How choosing compassion over what feels good is transformative

Written by Taleshia Patterson

Be who you are and say what you feel. The people who matter don’t mind. And those who do mind, don’t matter.

This popular message is prevalent in our society in one form or another. Our society has opted to embrace the entirety of our human nature—including our sin—and make self-centredness an acceptable part of society. Only one problem: that’s not what God has in mind for those who follow Him.

I distinctly remember when I was 12, walking through a city market, and seeing a mural that boldly proclaimed: “Do YOU, for YOU.” Yet if everyone followed that advice, we would be a pitiful society. What would happen to our workplaces, sports teams, governments, and families?

On the contrary, we are called to live selfless lives just as Christ lived selflessly. Philippians 2:3-4 says, “Do nothing out of selfish ambition or vain conceit. Rather, in humility value others above yourselves, not looking to your own interests but each of you to the interests of others.”

When I think of a selfless person, I think of my grandmother. Out of necessity, she singlehandedly raised five of her grandchildren and is currently raising two teenage girls. She is 75 and has several health concerns.

Regardless, she makes the time to give someone a ride, do other people’s laundry, bring over dinner, and invite people over. Instead of believing she is too old to be raising teenagers, my grandmother has learned over time to trust that God will give her strength day by day. True selflessness is when there is nothing for you to gain.

In learning about church history, I found other inspiring stories of Christians who have lived selfless lives for Jesus. For instance, take the Antonine Plague that began around AD 166 and the Plague of Cyprian that started around AD 251.

As these plagues spread across the Roman Empire, Christians nursed the sick when others didn’t dare go near for fear of catching the disease. Their selflessness became so well known that the pagan Roman emperor Julian complained “the impious Galileans support not only their poor, but ours as well.” That is exactly the sort of selflessness we are striving for.

The early church understood selflessness. The question is, do we?

We need to examine our motives when serving others. It is possible to serve selfishly. Take millionaires and celebrities for instance. They will commonly donate when they can be given credit and their service will be posted on social media.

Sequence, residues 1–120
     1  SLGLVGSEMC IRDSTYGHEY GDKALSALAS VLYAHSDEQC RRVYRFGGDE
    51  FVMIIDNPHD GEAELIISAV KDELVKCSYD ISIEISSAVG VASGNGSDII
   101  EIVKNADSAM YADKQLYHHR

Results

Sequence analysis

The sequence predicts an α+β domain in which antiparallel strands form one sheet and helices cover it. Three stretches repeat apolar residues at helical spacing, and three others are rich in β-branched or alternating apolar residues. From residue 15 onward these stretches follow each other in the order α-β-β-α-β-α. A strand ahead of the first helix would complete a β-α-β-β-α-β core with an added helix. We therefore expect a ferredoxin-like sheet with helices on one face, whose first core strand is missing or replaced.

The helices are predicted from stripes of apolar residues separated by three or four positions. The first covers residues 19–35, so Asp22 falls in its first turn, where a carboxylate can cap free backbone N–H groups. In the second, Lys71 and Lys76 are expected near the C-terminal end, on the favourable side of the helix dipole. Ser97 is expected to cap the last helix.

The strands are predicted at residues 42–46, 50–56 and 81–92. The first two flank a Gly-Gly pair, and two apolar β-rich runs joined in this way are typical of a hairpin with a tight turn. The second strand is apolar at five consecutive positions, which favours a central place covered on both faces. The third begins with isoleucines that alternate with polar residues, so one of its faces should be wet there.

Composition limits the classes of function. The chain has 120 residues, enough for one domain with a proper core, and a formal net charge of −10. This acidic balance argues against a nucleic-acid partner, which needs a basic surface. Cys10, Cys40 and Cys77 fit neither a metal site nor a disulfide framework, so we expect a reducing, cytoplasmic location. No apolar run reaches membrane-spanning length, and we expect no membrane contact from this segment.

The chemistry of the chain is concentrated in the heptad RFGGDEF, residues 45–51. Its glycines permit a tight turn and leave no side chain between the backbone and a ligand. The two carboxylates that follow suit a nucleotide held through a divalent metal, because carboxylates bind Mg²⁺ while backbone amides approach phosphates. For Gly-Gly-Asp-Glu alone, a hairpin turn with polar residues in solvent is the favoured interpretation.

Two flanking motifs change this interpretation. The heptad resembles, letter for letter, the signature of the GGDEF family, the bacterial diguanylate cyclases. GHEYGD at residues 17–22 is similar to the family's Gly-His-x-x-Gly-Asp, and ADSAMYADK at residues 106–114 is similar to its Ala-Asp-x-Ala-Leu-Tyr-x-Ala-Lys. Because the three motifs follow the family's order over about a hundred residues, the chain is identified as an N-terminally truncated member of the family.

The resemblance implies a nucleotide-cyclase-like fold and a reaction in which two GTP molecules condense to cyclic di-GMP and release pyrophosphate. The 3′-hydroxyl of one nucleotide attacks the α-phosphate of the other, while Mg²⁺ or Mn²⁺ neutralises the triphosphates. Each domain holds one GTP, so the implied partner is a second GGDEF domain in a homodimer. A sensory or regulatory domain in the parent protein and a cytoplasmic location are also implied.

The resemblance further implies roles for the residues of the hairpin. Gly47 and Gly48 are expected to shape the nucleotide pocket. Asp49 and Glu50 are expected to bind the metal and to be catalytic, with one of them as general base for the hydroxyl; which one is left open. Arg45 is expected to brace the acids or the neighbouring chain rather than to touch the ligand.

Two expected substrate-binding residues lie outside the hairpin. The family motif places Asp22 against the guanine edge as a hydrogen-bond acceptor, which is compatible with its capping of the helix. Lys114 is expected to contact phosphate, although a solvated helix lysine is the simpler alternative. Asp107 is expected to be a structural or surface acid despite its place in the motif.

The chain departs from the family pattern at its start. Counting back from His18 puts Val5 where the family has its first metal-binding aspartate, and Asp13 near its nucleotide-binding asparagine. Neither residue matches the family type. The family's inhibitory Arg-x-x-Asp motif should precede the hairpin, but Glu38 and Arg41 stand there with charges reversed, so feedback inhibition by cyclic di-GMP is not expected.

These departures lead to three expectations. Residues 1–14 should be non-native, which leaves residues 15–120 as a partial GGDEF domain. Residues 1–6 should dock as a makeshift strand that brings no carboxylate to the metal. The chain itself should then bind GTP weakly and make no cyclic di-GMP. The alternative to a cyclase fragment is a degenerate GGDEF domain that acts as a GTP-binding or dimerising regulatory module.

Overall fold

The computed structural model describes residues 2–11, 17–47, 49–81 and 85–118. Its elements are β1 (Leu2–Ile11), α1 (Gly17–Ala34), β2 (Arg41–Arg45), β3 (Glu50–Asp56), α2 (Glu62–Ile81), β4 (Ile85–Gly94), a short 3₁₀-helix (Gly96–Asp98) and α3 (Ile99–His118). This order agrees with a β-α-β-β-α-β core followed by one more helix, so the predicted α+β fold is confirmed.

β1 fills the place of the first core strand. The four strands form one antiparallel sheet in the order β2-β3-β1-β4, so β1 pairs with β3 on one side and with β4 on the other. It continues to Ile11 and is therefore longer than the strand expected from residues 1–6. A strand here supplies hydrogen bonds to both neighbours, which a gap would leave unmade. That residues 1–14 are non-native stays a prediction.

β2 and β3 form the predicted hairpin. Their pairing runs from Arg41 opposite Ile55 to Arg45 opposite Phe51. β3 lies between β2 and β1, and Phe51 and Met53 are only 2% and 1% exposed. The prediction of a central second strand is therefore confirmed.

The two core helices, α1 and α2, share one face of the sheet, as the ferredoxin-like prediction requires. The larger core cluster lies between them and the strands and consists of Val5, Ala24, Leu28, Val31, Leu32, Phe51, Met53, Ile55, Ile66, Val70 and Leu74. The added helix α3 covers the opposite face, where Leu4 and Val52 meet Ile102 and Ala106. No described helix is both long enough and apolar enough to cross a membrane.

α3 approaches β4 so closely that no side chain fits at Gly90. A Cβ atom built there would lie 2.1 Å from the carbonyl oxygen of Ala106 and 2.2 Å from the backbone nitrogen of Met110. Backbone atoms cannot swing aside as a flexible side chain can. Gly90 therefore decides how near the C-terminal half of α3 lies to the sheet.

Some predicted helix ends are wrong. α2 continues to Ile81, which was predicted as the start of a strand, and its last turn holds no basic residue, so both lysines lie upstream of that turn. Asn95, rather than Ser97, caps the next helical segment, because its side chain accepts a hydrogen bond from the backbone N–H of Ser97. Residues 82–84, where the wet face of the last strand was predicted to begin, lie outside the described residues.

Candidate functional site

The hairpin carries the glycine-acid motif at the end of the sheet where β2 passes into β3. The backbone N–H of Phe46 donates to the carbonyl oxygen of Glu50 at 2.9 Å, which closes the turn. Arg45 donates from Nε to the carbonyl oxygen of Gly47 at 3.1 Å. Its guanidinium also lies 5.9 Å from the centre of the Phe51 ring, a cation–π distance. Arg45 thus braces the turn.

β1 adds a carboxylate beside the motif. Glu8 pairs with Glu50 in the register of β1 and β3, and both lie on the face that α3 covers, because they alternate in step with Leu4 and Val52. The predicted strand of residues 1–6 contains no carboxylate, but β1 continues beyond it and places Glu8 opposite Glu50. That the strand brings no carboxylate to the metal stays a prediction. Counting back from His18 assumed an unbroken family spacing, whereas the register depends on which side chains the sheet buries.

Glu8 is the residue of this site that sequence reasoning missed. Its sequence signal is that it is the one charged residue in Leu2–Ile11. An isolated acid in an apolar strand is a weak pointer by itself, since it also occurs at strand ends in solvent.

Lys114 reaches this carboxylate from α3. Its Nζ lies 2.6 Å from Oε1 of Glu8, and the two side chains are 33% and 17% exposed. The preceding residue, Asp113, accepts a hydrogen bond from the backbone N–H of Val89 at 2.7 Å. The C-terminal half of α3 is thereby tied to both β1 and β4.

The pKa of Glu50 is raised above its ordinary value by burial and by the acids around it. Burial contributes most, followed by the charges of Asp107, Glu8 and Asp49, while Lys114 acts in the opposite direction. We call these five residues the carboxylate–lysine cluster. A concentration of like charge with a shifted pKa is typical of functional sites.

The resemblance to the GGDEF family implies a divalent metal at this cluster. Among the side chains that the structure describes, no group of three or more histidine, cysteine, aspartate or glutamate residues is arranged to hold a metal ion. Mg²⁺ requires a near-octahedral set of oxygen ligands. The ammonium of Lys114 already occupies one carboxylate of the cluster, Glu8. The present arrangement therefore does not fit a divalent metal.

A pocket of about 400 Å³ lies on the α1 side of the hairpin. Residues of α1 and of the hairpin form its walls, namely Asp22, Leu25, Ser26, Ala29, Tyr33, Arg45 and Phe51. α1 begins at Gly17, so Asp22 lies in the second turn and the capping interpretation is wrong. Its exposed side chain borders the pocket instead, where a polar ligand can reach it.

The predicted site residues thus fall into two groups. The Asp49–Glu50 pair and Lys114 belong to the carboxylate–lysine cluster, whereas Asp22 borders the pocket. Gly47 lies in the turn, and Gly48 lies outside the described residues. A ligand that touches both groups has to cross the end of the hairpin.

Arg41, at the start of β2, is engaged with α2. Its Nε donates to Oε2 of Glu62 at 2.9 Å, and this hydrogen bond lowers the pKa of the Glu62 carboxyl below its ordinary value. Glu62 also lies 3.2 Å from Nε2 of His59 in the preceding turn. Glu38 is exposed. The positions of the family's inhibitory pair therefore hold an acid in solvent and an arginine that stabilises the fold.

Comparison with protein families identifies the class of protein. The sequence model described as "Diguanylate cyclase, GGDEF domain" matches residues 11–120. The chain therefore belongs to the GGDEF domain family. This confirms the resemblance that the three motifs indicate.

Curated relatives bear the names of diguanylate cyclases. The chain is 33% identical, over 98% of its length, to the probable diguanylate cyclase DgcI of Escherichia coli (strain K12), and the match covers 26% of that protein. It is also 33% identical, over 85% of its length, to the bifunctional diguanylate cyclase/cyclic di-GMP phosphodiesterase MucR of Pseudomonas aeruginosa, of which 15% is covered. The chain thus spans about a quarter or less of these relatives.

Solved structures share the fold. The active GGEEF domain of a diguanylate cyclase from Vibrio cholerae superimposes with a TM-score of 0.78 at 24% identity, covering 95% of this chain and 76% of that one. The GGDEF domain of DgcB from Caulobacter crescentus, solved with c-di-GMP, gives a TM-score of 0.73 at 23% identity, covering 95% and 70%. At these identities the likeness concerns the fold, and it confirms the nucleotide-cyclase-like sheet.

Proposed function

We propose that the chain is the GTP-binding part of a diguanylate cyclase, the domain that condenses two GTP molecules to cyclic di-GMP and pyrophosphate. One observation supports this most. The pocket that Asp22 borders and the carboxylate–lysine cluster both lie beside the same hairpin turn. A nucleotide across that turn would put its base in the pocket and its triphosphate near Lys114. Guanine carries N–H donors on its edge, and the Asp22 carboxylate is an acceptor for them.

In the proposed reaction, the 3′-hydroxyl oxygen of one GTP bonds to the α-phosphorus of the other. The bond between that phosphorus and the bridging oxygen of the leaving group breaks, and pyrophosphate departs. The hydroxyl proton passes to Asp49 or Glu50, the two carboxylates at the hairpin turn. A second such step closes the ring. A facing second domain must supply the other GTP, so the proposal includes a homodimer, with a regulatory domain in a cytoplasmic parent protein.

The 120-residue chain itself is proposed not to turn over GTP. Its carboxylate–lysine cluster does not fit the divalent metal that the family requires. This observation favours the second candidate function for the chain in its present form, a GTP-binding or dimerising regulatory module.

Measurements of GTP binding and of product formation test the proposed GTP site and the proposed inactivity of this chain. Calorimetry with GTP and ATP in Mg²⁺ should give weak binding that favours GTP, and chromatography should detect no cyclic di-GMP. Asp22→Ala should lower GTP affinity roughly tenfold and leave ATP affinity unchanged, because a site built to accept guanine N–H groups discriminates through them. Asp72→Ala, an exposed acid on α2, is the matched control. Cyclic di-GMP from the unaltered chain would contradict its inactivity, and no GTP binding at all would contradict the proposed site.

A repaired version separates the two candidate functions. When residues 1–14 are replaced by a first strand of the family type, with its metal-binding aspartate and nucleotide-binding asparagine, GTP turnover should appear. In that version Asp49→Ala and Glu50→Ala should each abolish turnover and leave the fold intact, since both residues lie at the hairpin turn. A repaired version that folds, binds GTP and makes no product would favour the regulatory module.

Similarly, we can all be tempted to give in ways that win us approval. But God wants us to do good works discreetly so our reward is His approval and not the applause of the crowd.

I confess I have found myself considering what kind of volunteer work will look best on a university application. This is a valid consideration, but not exactly a noble reason for volunteering. This past summer I caught myself grumbling because I was having trouble enjoying my time as a volunteer at a kids’ camp.

I had to remind myself that I am not here to have a good time, but rather to ensure the campers have a good time. Remarkably, when I turned my attention back toward the kids, I began having a great time too.

Selflessness can be as simple as including someone in a conversation. Taking the focus off of you and turning it on the people around you will often benefit everyone. And even if it doesn’t, this is a great opportunity to practise humility because you are putting others before yourself.

Jesus was always one for saying radical things and going against the grain in society. I think He enjoyed being a social rulebreaker. That is why there is a stark contrast between Christ-centred selflessness and un-Christ-like self-centredness.

The more we stick out (for good reasons), the more people will notice us. And the more they notice us, the greater the chance of them coming to know God. That’s how it worked during those two plagues when Christians sacrificed their own safety to nurse the sick. And that’s how it works now.

We want people to look at us and ask why we care so much about others. Then we can tell them we care because Jesus cares, pointing them to God. To do this, we need to be different.